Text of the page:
Americans Forced To Work Job Just To Put Food On Table

Long Beach, California: A vast array of local, state and federal unemployment benefits is not enough to prevent some Americans from seeking remunerative work.

A husband and father to three children, Dan Allen has been receiving a vast array of city, state and federal unemployment benefits since being furloughed from his job when the COVID-19 crisis struck last March. Nevertheless, Mr. Allen and millions of Americans just like him are learning the hard way that government largesse just isn’t enough. Shortly after the initial lockdown last spring, Allen decided to swallow his pride and return to work.

“I’m not proud of it. But my wife and I sat down and crunched the numbers and there was no way around it: I was going to have to begin earning again” he said.

Policymakers in Washington are struggling to deal with a problem which has been perplexing public officials since the New Deal: how to keep people from relying on work to support themselves?

True, some Americans do better than others on social welfare programs. Some, particularly in America’s most progressive cities and states, even seem to thrive on them. Others, however, have difficulty escaping an endless cycle of dependency on hard work, saving and investment. And it is these Americans whom policymakers are most concerned about.

“Our studies suggest that there’s a cultural component,” said Theodore M. Stanley, a research fellow at the Center For The Emerging Majority, a progressive think tank. “It’s breaking that cycle of work-paycheck-work-paycheck which gets passed down through generations which presents the greatest challenge to policymakers.” Mr. Stanley advocates, among other things, a gradual reduction in the retirement age.

While total dependency on government may be the ideal, some planners look to compromises made in countries such a Greece, where those who insist on working are given largely harmless positions in government.

Work-Related Stress vs. Stress-Related Work


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When you work for yourself, the stress of having too much to do is qualitatively different than the stress of having too little. If you work for yourself, chances are it’s work you love and “busy season” just means you have that much more wind to your back.

It’s harder to do, though, when your job consists of finding your next job.

Sometimes it helpful to distinguish between stress that results from too much work – a sign that others find your work very useful – and stress that results from too little work – a sign that you have more work to do.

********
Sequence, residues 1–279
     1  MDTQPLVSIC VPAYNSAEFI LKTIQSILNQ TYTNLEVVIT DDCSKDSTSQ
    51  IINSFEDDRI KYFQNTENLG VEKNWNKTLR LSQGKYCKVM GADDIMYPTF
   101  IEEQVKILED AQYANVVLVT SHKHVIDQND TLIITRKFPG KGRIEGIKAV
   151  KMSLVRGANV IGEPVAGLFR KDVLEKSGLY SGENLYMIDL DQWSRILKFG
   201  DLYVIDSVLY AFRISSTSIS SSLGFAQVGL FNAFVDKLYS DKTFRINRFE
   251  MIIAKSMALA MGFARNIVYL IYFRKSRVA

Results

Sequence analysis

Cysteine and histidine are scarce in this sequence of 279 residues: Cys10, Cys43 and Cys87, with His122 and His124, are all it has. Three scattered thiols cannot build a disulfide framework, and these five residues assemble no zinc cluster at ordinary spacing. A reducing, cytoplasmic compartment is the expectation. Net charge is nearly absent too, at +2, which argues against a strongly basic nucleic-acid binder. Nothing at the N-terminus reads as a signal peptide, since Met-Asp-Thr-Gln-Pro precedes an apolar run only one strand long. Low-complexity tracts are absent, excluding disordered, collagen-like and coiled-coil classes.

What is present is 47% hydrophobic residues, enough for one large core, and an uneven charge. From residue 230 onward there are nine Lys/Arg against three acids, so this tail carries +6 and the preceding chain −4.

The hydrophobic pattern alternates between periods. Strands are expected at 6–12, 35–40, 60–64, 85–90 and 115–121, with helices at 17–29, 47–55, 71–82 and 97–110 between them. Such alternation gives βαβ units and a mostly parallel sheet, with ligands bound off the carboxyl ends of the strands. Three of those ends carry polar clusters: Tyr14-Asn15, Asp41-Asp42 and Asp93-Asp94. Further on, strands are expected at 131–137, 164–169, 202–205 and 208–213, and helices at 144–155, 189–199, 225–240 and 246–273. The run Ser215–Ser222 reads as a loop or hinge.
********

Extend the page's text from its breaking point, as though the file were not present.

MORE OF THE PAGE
The former can be a burden, it is also a blessing.

Return to or watch me attempt the impossible.

My Agent

I called my agent, something I rarely do. I was nervous.

“Nice Try Productions. This is Charlie.”

“Hi Charlie. It’s me, David.”


“David Deeble.” There was a pause. “Comedian.” Then, impulsively, “You’re my agent.”

“Oh, right! Hey Dave! May I call you ‘Dave’? What’s up?”

“Not a whole hell of a lot, actually. That’s why I’m calling.”

“You know I’m workin’ my tail off for ya, babe!”

Earlier in the afternoon I had run into a club owner who I hadn’t worked for in years. After some friendly chitchat, I asked point-blank if he had spoken to Charlie lately. “You mean your agent Charlie?” he said. “I haven’t spoken to Charlie in years…”

Charlie was the kind of agent that’s constantly trying – and failing – to stroke the ego of his clients. During a previous dry spell he tried to console me: “Those who like your act really, really love your act. Having said that, no one likes your act”.

Things were “slow”, he explained in the way all agents do, as if for the first time in the history of the world people decided they didn’t want to pay other people to make them laugh. I told him that word on the street was that his other acts – like the guy who folds paperclips into roman numerals suggested by the audience – seemed to be turning down gigs, they were so busy.

“Can you hold on a minute? I’ve got a call on the other line.” There was then a suspect-sounding click sound meant to suggest that I was on hold but I could still hear the ambient noise of his office fan and the hyper-deliberate shuffling of papers. Then there was the phony click again. “Dave! I think I’ve got something for you!”

He then proceeded to divulge everything he could, leaving out details such as the location, date and pay lest I go behind is back and secure the gig myself. I told him I’d think about it and hung up, immediately called him again, and accepted the gig.

The Pyongyang Hilton is located in a blocky, Soviet-era building. It’s façade is barely visible from across the street due to the massive tangle of electric streetcar wires that hover above the broad, car-less avenue. It’s an easy gig – dark Sunday through Friday – and I’m welcome to all the tree bark I can eat.

My agent's personal assistant, Lexi (this photo in no way meant to lure readers to my blog).